These symposia will summarize the state-of-the-art in our understanding of the nature of dark matter (DM) and discuss the most promising avenues of research in this field. Our goal is to bring together experts in (i) observations relevant to the study of the DM phenomenology on a large range of galactic scales, (ii) numerical simulations of structure formation (iii) DM detection experiments using astronomical targets and (iv) alternative gravity theories.
Astrophysical observations have already excluded the possibility that the dominant form of DM corresponds to light particles moving at relativistic speeds (i.e. “hot”). While this may imply the need for physics beyond the Standard Model of particle physics, it is still a very open debate which one, if any, of the existing DM particle candidates (e.g. weakly interacting massive particles, axions, sterile neutrinos, light gravitinos etc.) has properties that can accommodate the existing wealth of astronomical constraints. Progress in this field results from the comparison between theoretical predictions against astrophysical data on a range of scales. The ultimate goal is to rule out as many particle candidates as possible. To this end simulations of structure formation are needed in order to investigate how the microscopic properties of DM particles impact on the growth and the internal dynamics of galaxies. Also, given that baryons can alter the primordial properties of galactic DM haloes (e.g. adiabatic contraction, supernova feedback), galaxy formation simulations that incorporate realistic models of baryonic feedback are necessary to determine what astrophysical systems provide the strongest tests on existing DM models. Finally, there are also limitations in the amount/type of observables we can use to infer the content and distribution of DM in galaxies. Developing & testing modelling techniques is a crucial step toward the understanding of dark matter.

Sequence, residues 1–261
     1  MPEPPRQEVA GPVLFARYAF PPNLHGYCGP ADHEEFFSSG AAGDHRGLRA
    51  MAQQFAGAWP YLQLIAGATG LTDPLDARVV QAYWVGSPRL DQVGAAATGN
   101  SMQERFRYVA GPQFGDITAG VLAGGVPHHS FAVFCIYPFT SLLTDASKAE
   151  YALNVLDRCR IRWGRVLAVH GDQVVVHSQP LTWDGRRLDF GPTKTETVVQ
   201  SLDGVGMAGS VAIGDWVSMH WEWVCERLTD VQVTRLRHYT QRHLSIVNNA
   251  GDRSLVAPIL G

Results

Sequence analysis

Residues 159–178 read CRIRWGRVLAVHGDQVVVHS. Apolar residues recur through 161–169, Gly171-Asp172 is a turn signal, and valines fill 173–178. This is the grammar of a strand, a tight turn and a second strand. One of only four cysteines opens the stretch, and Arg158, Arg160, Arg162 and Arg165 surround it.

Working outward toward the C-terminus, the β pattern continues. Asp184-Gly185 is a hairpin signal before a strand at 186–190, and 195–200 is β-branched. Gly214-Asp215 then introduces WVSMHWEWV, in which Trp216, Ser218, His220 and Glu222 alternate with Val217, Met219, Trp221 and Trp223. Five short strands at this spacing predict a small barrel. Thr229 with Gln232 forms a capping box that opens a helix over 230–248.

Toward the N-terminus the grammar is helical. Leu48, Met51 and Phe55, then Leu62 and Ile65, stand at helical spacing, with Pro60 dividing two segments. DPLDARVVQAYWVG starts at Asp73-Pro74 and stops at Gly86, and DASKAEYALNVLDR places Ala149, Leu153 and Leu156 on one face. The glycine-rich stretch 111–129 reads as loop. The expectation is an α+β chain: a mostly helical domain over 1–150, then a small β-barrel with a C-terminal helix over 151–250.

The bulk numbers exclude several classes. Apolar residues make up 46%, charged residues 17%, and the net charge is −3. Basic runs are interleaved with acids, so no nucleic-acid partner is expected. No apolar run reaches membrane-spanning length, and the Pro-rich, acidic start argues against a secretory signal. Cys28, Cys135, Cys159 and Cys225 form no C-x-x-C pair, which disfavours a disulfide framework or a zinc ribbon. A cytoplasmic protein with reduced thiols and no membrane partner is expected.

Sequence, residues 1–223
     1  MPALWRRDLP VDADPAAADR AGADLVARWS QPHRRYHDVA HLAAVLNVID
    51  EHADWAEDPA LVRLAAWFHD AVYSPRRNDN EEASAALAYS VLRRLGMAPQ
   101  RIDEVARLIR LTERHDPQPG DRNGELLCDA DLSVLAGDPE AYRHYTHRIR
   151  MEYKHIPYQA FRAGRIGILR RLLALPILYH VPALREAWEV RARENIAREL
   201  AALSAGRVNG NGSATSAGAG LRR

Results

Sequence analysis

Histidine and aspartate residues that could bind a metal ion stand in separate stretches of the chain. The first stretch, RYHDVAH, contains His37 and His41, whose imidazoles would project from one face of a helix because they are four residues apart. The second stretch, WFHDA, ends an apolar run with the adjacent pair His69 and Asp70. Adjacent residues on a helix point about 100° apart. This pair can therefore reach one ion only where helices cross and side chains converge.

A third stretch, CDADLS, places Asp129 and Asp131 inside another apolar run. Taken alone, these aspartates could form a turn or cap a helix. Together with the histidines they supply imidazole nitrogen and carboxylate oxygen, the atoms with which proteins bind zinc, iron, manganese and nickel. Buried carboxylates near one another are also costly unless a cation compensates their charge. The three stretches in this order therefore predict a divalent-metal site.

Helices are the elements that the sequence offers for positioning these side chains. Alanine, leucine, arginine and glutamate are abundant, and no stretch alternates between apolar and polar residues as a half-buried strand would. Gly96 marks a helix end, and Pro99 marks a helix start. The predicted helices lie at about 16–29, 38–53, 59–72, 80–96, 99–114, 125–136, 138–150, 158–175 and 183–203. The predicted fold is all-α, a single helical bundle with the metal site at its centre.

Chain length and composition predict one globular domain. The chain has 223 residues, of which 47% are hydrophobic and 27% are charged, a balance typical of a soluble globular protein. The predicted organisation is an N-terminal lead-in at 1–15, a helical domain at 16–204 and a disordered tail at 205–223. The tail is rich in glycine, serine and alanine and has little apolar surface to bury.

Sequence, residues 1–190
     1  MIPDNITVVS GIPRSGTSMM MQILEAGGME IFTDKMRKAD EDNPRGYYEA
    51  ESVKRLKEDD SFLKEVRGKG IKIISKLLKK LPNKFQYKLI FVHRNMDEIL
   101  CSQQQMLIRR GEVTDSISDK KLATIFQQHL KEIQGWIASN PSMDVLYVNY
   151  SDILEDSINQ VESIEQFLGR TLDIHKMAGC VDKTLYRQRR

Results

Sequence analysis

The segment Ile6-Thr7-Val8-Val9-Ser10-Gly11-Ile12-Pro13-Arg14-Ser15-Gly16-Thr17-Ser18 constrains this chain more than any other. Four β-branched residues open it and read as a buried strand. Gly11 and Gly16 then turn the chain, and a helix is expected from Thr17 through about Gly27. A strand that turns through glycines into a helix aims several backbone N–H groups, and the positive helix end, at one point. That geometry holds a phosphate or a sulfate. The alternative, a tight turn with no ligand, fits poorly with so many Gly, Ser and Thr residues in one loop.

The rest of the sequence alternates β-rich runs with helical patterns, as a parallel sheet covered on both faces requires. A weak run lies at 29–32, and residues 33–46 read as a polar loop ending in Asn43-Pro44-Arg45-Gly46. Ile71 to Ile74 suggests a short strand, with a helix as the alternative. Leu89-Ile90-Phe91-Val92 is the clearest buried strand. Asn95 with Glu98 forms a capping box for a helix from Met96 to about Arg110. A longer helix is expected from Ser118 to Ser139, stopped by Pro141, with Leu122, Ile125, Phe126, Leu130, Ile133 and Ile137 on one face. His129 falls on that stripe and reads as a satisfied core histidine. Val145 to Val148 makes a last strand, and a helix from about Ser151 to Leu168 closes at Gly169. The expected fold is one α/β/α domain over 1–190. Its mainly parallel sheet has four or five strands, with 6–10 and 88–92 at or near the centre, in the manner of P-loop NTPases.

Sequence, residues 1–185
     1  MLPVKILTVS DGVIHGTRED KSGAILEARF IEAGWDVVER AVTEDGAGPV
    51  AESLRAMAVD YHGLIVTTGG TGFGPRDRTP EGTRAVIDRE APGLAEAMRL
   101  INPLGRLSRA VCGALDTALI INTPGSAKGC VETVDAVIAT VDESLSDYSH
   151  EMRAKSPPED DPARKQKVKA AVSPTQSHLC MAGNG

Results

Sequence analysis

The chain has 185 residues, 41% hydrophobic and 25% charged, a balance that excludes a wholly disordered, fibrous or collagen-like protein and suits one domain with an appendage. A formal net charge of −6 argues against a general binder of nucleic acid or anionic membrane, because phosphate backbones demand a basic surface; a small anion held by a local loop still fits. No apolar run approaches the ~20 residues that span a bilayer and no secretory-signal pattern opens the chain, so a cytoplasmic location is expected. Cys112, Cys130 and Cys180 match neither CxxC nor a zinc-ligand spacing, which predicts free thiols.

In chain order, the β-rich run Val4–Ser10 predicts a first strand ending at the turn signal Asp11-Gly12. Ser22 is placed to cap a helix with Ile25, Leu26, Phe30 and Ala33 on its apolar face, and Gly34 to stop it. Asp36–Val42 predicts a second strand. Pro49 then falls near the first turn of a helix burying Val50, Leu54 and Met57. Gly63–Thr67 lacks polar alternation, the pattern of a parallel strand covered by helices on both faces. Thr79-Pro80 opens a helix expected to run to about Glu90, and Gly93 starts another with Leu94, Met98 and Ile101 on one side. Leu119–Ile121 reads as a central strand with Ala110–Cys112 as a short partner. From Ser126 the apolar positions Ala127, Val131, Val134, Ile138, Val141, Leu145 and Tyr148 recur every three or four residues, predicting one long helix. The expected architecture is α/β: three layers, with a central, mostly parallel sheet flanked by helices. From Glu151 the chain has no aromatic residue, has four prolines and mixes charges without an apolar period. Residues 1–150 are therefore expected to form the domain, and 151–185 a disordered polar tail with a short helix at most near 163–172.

Programme of the meeting
- DM in galaxies: from the smallest scales (dwarf spheroidals) to elliptical galaxies
- DM on large scales: clusters of galaxies, constraints from the Ly-alpha forest & CMB power spectrum
- Predictions from simulations of structure formation. Cold, Warm, Self-interacting DM models
- Mechanisms that may modify the mass content/profile of dark matter haloes, e.g. adiabatic contraction, stellar feedback, tidal effects
- Alternative gravity theories
- DM detection experiments using astrophysical sources
- Dynamical modelling: techniques, limitations and future perspectives